By Bruce Friedman
I have come to the conclusion that “health wearables” will evolve into a significant component of our healthcare delivery system, monitoring our health status on a daily basis and perhaps even periodically offering advice about the problems that we all experience. By health wearable, I mean devices with sensors that monitor our physical or physiologic parameters. Such sensors are embedded in devices like smart phones which can also support sensors that are plugged into them. Fitness bands also fall into this category although I think that majority of consumers will opt to use their smart phones for heath monitoring. One obvious example of this category is the iPhone Health app.
I further believe that such “health wearables” will enable us sometimes to “jump over” the first step in the delivery of services which is to diagnose an illness or injury and then perhaps to triage the problem to the relevant specialists. The “health wearable” may be able to perform this diagnosis/triage step. In the light of these developments, companies like Microsoft are eyeing the health wearable market and trying to develop guidelines to manage the accession and management of personal health data. The details were provided in a recent article (see: Microsoft eyes guidelines for consumer health wearables) and below is an excerpt from the article:
Microsoft is joining the effort to create guidelines for developers of wearables and mHealth apps. The company has joined forces with the University of California, San Diego and the Vitality Institute to create “responsibility guidelines” that target six important issues in the use of personalized health technology. The guidelines are designed to not only help developers and healthcare providers in promoting everything from apps to smartwatches to interactive pill bottles, but to help consumers know which technology to trust. Innovative personal health technology products are producing completely new categories of data and creating completely new challenges for developers, clinicians and users, Dennis Schmuland, MD, Microsofts chief health strategy officer for the U.S. Health and Life Sciences division and an author of the guidelines, said.…The six points addressed in the guidelines are:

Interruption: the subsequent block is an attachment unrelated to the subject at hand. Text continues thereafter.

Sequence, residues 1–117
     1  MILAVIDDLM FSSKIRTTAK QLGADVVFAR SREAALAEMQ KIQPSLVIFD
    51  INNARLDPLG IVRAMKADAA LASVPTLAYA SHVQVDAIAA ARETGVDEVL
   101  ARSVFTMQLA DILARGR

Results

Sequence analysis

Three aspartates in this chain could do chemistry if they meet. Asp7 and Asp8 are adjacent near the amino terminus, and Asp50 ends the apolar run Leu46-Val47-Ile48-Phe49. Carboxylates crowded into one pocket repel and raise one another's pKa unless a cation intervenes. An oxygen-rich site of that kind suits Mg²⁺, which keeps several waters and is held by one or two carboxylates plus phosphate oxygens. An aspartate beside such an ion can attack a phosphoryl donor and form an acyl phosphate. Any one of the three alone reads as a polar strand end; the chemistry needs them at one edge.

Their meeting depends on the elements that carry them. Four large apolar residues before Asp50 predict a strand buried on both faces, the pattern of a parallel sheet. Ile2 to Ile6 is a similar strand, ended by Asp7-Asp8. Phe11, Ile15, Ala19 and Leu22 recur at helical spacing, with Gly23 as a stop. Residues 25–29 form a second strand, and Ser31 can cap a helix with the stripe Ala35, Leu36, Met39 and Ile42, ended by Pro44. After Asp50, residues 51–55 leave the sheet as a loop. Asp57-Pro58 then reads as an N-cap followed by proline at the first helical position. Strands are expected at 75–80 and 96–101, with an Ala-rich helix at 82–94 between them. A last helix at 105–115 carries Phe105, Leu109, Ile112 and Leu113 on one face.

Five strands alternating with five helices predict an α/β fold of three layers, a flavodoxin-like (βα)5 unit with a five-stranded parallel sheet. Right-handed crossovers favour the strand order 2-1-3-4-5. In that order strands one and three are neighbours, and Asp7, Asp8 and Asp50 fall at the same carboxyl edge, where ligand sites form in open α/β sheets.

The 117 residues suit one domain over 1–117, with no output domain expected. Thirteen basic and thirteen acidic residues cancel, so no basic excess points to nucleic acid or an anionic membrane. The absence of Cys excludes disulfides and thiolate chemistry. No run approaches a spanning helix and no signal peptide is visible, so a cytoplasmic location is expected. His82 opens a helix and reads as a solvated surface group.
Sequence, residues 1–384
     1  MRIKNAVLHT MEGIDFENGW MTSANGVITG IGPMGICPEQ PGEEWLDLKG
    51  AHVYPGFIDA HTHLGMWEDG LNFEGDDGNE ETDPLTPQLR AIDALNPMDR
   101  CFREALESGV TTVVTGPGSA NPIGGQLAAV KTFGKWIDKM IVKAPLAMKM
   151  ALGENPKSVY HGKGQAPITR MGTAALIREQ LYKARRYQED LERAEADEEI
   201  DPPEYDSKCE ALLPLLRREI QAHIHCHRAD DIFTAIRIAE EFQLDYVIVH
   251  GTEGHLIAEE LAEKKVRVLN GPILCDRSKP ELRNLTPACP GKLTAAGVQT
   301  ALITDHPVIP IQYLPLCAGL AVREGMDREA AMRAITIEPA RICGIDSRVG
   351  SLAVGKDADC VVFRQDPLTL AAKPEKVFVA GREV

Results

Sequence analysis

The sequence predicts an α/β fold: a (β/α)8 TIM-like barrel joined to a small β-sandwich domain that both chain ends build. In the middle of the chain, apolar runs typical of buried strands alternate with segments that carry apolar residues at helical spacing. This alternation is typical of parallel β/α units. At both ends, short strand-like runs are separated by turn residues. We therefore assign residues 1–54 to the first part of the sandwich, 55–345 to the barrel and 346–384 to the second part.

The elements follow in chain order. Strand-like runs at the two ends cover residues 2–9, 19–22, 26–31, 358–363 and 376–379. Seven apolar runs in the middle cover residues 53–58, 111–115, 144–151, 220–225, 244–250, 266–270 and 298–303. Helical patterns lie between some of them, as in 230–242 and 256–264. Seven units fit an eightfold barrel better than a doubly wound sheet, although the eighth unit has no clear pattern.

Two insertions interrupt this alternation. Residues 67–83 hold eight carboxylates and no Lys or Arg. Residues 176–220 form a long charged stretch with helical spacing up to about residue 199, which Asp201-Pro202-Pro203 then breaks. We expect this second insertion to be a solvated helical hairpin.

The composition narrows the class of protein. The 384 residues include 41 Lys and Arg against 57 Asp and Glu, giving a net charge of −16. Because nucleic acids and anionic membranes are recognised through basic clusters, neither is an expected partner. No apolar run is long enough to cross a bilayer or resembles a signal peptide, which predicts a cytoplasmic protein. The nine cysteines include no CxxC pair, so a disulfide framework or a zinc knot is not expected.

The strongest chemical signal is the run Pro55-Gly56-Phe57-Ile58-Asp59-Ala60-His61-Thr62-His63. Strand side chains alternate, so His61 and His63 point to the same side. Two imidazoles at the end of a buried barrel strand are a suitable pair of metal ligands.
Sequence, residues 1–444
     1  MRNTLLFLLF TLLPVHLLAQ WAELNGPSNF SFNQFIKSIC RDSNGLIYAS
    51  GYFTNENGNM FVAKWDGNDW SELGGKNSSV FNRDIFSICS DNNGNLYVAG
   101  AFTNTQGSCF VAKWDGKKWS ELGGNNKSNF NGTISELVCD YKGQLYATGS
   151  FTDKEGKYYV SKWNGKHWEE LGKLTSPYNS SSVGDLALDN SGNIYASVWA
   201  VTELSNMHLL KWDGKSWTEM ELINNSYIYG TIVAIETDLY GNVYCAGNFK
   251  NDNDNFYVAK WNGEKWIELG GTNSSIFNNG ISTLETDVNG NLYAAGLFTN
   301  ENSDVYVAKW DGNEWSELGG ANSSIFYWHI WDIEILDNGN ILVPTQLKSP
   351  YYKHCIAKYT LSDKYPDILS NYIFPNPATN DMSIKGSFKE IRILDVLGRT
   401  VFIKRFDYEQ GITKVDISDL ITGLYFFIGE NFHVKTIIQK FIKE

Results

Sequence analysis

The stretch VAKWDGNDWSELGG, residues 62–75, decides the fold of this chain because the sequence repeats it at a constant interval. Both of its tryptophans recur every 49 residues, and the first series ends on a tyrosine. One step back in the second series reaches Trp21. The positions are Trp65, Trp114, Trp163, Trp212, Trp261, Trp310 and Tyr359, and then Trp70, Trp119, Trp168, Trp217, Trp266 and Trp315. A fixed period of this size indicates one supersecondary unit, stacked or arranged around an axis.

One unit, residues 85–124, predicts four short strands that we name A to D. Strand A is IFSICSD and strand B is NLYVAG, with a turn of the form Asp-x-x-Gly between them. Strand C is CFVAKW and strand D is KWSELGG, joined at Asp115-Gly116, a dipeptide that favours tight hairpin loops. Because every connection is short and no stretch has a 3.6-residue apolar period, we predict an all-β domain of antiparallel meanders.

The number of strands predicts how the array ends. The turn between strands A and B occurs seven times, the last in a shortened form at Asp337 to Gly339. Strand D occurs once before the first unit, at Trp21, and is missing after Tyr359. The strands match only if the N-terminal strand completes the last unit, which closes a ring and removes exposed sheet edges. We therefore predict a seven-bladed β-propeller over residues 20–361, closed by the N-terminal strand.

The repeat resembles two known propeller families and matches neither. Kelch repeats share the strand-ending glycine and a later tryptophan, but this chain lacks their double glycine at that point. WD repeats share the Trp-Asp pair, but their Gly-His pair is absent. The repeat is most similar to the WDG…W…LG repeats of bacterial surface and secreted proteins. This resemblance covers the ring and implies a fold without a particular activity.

- The privacy of a user’s health data.
- Defining who owns…[health] data.
- Guidelines for interpreting… [health] data.
- Integrating product design with validated scientific evidence.
- Integrating evidence-based methods to health behavior improvement.
- Making the technology available to underserved populations.
Here’s more information about the Vitality Group with which Microsoft is aligned on this project:
The Vitality Group is a member of South Africa-based Discovery Limited, a leading international financial services organization and the originator of the Vitality well-being program. With more than 15 years of experience and an established global record of success, the program today has over 6 million members worldwide.
There are really no real surprises in these six points. The one thing that does jump out in the list is the idea of “making the technology available to underserved populations.” Relatively inexpensive health wearables could potentially substitute in some cases for the absence of adequate healthcare services. This does not seem to me to be a readily attainable goal in the short term. The inclusion of this idea seems to be more of a politically correct addition to the list.
To access original article, click here.